Spontaneous Segregation of Monovalent Trace Elements (Na, K, Cl, F) out of Iceland Spar Calcite at
Ambient Conditions

Susan L. S. Stipp Geological Institute, Copenhagen's University, Øster Voldgade 10,

DK-1350 Copenhagen K, Denmark


Fresh cleavage surfaces of chemically pure Iceland spar calcite from two separate specimens were examined using Scanning Probe Microscopy (SPM). Initially flat terraces were separated by monolayer cleavage steps. Surface rearrangement took place during the first days after cleavage, as was described by Stipp et al. (1996). The samples were left exposed to air in a clean, covered, plastic box for eight months. Reexamination with SPM showed that the surface of both samples had recrystallized but on one sample, there was an accumulation of bumps along one of the {1014} cleavage directions. The height and width of the bumps ranged from fractions of a micrometer to nanometers. Chemical maps of the surface were made using time of flight secondary ion mass spectroscopy (TOF SIMS); the bumps were depleted with respect to Ca and O, but enriched with respect to Na, K, F, Cl and C2. Some bumps were selectively enriched in one or another of the monovalent trace elements, and all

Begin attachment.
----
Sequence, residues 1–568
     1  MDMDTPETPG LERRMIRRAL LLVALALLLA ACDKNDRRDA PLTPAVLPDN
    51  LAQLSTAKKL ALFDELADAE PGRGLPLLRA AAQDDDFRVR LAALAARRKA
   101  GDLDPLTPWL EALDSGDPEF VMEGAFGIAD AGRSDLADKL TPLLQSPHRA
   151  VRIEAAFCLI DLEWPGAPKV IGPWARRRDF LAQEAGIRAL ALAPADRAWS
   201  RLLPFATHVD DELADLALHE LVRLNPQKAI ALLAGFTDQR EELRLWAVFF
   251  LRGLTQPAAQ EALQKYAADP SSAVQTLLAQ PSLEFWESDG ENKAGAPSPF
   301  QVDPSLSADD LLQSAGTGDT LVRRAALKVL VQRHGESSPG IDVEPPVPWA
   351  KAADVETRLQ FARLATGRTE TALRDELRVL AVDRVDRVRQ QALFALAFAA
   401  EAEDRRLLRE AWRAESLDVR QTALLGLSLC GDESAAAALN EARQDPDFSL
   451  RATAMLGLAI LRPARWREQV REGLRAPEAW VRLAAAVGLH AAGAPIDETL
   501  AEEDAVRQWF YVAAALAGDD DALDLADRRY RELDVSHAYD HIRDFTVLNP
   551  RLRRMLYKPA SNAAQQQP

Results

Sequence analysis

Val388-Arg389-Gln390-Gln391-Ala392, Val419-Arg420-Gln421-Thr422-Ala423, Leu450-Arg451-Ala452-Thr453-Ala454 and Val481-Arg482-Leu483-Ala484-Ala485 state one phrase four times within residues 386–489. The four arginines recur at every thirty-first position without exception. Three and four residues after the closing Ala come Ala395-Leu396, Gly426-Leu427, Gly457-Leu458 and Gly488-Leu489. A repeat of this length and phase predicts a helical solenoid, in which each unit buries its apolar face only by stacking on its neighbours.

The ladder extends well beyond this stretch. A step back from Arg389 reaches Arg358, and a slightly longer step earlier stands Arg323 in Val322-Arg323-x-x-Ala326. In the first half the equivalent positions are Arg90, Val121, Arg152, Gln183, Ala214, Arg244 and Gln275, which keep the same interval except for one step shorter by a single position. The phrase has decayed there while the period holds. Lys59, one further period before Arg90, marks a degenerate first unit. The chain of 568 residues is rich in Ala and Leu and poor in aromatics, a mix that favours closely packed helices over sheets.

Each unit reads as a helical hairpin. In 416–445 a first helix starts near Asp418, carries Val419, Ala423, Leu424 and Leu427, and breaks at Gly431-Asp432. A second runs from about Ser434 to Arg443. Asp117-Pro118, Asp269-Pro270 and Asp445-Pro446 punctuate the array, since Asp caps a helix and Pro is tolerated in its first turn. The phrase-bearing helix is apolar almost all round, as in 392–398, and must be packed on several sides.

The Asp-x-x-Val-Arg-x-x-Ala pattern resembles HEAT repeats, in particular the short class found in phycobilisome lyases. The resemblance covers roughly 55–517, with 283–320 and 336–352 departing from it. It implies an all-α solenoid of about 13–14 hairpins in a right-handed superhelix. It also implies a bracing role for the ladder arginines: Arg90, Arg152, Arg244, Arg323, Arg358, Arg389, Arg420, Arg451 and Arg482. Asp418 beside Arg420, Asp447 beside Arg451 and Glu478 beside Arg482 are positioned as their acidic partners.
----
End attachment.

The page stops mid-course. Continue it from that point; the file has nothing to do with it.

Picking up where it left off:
were elongated in the second of the cleavage trace directions. A fresh surface was prepared by cleaving the sample parallel to the observed surface. It was flat, as the original surface had been, with monolayer high terraces. TOF-SIMS showed a
homogeneous surface of Ca, O and H, with the only enrichment, an increase in H and OH along terrace edges. Na, K, F, Cl and C2 were below background on the freshly cleaved sample.

These results suggest that trace amounts of monovalent elements, that were originally present in the bulk calcite, moved out to the surface during exposure to air, by a process like exsolution. There, the rearrangement of surface material concentrated the trace elements as crystallites located at defects at the intersections of the three cleavage planes. This process of material moving from the bulk to the surface is opposite in effect to a similar process identified recently, where cadmium and zinc, that had adsorbed on calcite surfaces, moved into the bulk by apparent solid-state diffusion (Stipp et al., 1992; Stipp, 1994).


I wish to thank the members of the Environomental Surface Analysis Collaboration, Ecole Polytechnique Fédéral and Université de Lausanne, for interest and support. In particular, I thank Andrzej Kulik and Willy Benoit of genie atomique, physique and Klaus Franzreb and Hans Jörg Mathieu of métalurgie chimique, matériaux for assistance and access to equipment.


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